Flavorwire Exclusive: Tarot Cards Inspired by Decemberists Lyrics

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(Illustrations by Missy Kayko for Flavorwire)

This week, The Decemberists release their seventh album, What a Terrible World, What a Beautiful World. The album, like 2011’s The King Is Dead, finds Colin Meloy toning down what came to be known as the band’s signature lyrical style throughout the ’00s: tragedies in bygone eras, from murders and drownings to rapes and blood feuds, illustrated by a ten-dollar vocabulary. Instead, Meloy focuses more on simplified folk tales, though there’s no doubt he remains a narrative songwriter whose work is deeply influenced by strife and sorrow.

To celebrate Meloy’s signature style, we used some of his best-known characters and moralistic tales to create a set of eight original tarot cards based on Decemberists lyrics. While imagery around some of these characters exists already, via album artwork from illustrator (and Meloy’s wife) Carson Ellis, designer and illustrator Missy Kayko worked with Flavorwire to develop new visualizations inspired by Meloy’s lyrics, American folk art, and the tarot tradition.

(Illustrations by Missy Kayko for Flavorwire)

For the main storyline explored on 2006’s The Crane Wife, the band found inspiration in a Japanese folktale in which an injured crane is nursed back to help by a poor man. His good duty is repaid many times over, when a beautiful woman shows up at his doorstep. They fall in love and marry. In need of money, the crane wife offers to weave beautiful silk and make clothing to sell at market, under the stipulation that the husband never watch her weave the silk. The business is a success, and at the urging of the greedy husband, the crane wife weaves more and more silk. While the husband doesn’t see that his wife’s health is slowly declining, he comes to know the truth about her magical silk soon enough. He sees a crane plucking her own feathers and weaving them into the loom. The crane wife sees him and flies away, leaving for good.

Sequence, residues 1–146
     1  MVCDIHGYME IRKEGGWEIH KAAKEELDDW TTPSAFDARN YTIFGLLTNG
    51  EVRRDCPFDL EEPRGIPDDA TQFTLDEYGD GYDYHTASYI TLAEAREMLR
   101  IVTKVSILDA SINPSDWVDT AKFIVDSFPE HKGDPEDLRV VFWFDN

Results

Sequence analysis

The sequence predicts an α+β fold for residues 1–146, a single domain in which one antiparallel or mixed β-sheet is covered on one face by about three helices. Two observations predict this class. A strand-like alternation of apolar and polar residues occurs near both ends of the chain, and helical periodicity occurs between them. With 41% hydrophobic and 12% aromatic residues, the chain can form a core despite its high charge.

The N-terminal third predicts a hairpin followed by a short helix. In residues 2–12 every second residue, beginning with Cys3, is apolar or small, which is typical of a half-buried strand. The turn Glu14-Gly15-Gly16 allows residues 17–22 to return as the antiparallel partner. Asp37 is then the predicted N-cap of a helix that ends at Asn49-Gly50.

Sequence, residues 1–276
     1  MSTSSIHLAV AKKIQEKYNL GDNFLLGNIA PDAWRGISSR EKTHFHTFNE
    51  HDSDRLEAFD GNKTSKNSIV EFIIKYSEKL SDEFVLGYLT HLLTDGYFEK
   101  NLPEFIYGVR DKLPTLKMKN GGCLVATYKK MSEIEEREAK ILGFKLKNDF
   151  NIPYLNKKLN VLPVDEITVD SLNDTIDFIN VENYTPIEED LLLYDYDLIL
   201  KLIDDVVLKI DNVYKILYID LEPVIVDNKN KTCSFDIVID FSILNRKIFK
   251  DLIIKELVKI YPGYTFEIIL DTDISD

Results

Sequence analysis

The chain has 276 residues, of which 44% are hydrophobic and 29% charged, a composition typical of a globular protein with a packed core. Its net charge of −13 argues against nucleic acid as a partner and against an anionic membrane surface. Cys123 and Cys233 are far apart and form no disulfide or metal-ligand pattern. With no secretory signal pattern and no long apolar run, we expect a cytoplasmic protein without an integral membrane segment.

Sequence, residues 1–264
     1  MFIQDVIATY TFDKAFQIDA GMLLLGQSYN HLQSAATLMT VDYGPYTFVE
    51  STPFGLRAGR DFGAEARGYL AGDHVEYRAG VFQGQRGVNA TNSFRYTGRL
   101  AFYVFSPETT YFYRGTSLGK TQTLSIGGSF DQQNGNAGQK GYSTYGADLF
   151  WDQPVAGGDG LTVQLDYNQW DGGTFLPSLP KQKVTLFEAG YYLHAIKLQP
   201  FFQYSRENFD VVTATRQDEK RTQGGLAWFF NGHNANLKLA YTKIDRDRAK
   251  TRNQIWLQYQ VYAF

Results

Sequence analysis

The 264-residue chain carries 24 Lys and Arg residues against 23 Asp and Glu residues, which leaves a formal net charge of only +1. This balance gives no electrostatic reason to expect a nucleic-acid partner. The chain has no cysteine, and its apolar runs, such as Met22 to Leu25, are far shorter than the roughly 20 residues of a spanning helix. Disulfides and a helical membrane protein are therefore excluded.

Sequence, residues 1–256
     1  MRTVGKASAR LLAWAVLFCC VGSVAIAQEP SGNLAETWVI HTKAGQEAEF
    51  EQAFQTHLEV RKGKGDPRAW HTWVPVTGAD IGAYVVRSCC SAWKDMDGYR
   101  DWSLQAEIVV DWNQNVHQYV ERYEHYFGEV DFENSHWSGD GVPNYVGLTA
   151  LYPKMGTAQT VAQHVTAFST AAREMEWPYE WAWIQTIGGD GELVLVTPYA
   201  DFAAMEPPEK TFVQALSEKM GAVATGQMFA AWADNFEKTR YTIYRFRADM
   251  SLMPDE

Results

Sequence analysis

(Illustrations by Missy Kayko for Flavorwire)

“O Valencia!” explores a storyline separate from that of The Crane Wife, but it’s no less tragic. The song tells the story of star-crossed lovers from feuding families, not unlike Romeo and Juliet. The main difference is that Valencia’s brother inadvertently shoots her while trying to murder her lover, thus killing Valencia. The song is sung from the perspective of the lover.

(Illustrations by Missy Kayko for Flavorwire)

“Leslie Anne Levine,” the opening track from the band’s 2002 debut Castaways and Cutouts, tells the story of a baby who lived mere hours in a ditch, following the death of her mother in childbirth. She becomes a ghost baby who haunts the area (and seems to become friendly with a chimney sweep in the process, though that part is still up for interpretation). “We Both Go Down Together,” from 2005’s Picaresque, is a prequel to “Leslie Anne Levine” in the sense that it tells the story of how her parents died. After a young man from a wealthy family impregnates a “tattooed tramp,” his plan is for both of them to jump off the cliffs of Dover and commit suicide. He goes through with it, but the young mother does not, as we see in “Leslie Anne Levine,” though she ultimately dies anyway.

Eli, whom we meet on Picaresque, is an ordinary young man who sells goods from his wheelbarrow, until his love dies in an unspecified manner. Unable to keep living, Eli takes his sorrows to the river and drowns to death in corduroy.

(Illustrations by Missy Kayko for Flavorwire)

The crowning jewel of The Decemberists’ impressive collection of cautionary tales has to be their 2009 rock opera, The Hazards of Love. The album tells the story of a young woman named Margaret who finds an injured fawn in the forest, but when she stops to aid it, the bird shape-shifts into a man named William. They make love and she becomes pregnant, but they’re happy together — until William’s mother, The Forest Queen, discovers them. The Queen is none too pleased, seeing as she rescued William from the human world as a baby and gave him the powers of immortality, in exchange for his woodland-creature status. Still, the Queen agrees to allow William one night as a mortal man alongside Margaret, after which the forest will reclaim him.

But, it’s not this simple. The Rake, a widower who murdered his three children, kidnaps Margaret. With the Queen’s supernatural assistance (she parts a river for him), The Rake escapes William, who is told he must exchange his own life for safe passage across the river. But suddenly, the ghosts of The Rake’s children appear, seeking revenge. William and Margaret escape together, vowing to marry by drowning themselves in the river before William is returned to his woodland state. They escape the “hazards of love” through death.

Their stories are represented by the cards on the following pages.

(Illustrations by Missy Kayko for Flavorwire)

(Illustrations by Missy Kayko for Flavorwire)

(Illustrations by Missy Kayko for Flavorwire)